The envelope of operations for a Trident submarine acting as an insertion platform is dictated by the ship’s 35 foot draft and maneuverability in conjunction with the combat rubber raiding craft striking radius. Like POLK and KAMEHAMEHA, shallow water operations (30 fathoms) are possible with a Trident, but very shallow water operations may be limited. By convention, the raiding craft define their combat radius by the maximum distance they can travel on one fuel bladder. For planning purposes, 20 to 30 miles is often used. This number is effected by craft loading and weather conditions.

The submarine could be loaded out with troops and equipment in port and deploy for long periods of time. More likely, the submarine will be loaded with just equipment in port and the special warfare troops will not make extended cruises. Combat troops prefer to hone tactical skills and push physical readiness up to the very last moment before an operation. Most commanders feel both physical and tactical preparedness drop quickly when their men are deployed aboard ship. For this reason, troop underway time is often kept to the bare minimum. With the Trident able to cover some 500 miles per day, the troops could be loaded at an intermediate port before proceeding to the insertion site. They could also use the current technique of being transferred at sea by ship or being dropped into nearby water by a helicopter or Cl30. This transfer would occur in a relatively secure operating arena and then the submarine would steam in one to two days to the insertion site. The Trident’s ability to steam swiftly but silently allows for many options. The ship to submarine method of troop loading is the most viable if larger numbers of troops are to be transferred. To air drop over 100 individuals would be risky and should be considered only for smaller insertion teams.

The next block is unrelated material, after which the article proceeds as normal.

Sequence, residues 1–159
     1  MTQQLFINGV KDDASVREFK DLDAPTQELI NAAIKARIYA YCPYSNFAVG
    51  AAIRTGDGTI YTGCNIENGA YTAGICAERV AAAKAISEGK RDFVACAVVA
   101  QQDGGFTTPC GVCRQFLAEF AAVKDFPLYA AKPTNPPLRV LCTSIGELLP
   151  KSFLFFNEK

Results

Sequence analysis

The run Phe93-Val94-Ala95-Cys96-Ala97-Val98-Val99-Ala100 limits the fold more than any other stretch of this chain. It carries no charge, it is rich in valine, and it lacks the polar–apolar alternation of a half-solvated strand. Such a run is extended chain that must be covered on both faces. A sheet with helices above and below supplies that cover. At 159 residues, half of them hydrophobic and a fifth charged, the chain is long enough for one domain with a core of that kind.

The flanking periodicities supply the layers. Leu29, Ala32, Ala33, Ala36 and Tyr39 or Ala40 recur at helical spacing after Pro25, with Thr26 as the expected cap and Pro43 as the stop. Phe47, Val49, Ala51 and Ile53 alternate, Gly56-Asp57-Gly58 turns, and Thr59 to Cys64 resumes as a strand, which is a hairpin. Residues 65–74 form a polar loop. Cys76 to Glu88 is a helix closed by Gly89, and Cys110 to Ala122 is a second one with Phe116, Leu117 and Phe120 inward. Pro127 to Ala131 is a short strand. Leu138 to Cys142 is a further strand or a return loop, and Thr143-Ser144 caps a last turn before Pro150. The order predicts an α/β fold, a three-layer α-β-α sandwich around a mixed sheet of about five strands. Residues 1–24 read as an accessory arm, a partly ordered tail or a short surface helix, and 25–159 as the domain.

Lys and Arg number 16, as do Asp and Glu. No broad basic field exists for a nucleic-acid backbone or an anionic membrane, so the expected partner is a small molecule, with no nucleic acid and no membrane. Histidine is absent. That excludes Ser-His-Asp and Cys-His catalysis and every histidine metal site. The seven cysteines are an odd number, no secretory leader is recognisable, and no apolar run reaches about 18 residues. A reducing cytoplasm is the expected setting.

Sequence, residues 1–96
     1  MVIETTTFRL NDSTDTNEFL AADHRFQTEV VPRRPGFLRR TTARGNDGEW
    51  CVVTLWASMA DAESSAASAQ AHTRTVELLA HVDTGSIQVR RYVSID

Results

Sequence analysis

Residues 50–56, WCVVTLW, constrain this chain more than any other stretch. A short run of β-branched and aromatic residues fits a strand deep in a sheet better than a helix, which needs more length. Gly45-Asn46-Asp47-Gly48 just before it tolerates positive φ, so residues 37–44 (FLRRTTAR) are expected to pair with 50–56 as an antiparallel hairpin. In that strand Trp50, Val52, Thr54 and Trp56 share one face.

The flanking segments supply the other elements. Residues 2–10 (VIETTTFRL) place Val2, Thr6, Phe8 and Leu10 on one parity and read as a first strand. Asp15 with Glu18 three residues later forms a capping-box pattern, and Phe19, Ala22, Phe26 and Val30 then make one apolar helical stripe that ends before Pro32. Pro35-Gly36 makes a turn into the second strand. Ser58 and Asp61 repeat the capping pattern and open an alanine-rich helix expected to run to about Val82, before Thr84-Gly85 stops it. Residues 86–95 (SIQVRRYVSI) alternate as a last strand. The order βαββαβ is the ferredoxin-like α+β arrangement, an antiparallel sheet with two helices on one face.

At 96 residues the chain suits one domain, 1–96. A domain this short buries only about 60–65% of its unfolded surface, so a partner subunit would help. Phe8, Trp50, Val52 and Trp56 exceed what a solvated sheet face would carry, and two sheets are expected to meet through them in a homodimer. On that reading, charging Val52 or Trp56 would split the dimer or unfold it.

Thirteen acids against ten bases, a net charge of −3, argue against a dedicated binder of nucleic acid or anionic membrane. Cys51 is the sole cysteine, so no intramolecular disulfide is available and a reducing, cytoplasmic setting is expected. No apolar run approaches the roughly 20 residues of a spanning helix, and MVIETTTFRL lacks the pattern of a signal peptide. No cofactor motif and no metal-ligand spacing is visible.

Medical concerns include the numerous possibilities for injury when dealing with special warfare operations. Orthopaedic injuries are common in tactical operations involving ground troops: separations, tears, hyperextensions, strains, and fractures of all types {stress, simple, comminuted, compound). The possibilities for blunt trauma on the pitching deck of a submarine at sea are high, not only for the deploying forces, but also for the ship’s deck crew. The combination of manual labor with heavy lifting and a wet, slippery, pitching deck can be very dangerous. Throw in a mix of turning screws from both landing craft and submarine, lines parting under heavy loads and several bladders filled with gasoline and one does not have to look far for the possibility of a catastrophic event. Blast injury would be a major area of concern had munitions been involved and this will need to be considered for future operations. The storage, transfer, and staging of munitions in the submarine and in the raiding craft should be conducted with the utmost care and concern. Munitions inflicted wounds become an even greater concern when the mission is not merely a training exercise. Gunshot, stab and fragment wounds, crush injury and amputation can all be expected in a wartime situation.